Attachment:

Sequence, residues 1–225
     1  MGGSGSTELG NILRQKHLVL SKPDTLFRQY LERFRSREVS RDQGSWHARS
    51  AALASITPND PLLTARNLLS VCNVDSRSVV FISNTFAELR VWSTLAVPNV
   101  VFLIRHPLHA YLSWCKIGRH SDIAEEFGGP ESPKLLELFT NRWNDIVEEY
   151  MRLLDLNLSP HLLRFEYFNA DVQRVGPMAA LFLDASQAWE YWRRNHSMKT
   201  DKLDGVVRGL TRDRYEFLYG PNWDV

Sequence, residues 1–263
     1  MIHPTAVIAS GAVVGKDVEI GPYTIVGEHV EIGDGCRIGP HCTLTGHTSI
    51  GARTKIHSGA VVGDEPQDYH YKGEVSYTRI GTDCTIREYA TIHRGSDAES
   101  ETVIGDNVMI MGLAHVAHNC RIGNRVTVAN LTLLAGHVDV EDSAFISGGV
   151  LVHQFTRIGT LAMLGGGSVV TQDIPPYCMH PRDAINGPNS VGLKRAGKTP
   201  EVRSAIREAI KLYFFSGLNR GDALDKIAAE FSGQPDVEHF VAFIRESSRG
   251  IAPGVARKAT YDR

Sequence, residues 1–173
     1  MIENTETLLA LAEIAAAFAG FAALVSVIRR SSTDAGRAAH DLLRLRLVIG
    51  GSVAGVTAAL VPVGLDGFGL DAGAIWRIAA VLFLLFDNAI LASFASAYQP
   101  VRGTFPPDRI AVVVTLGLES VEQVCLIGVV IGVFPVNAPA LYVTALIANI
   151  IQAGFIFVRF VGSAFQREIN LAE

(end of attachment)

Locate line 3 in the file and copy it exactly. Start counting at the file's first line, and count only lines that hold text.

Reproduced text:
    51  AALASITPND PLLTARNLLS VCNVDSRSVV FISNTFAELR VWSTLAVPNV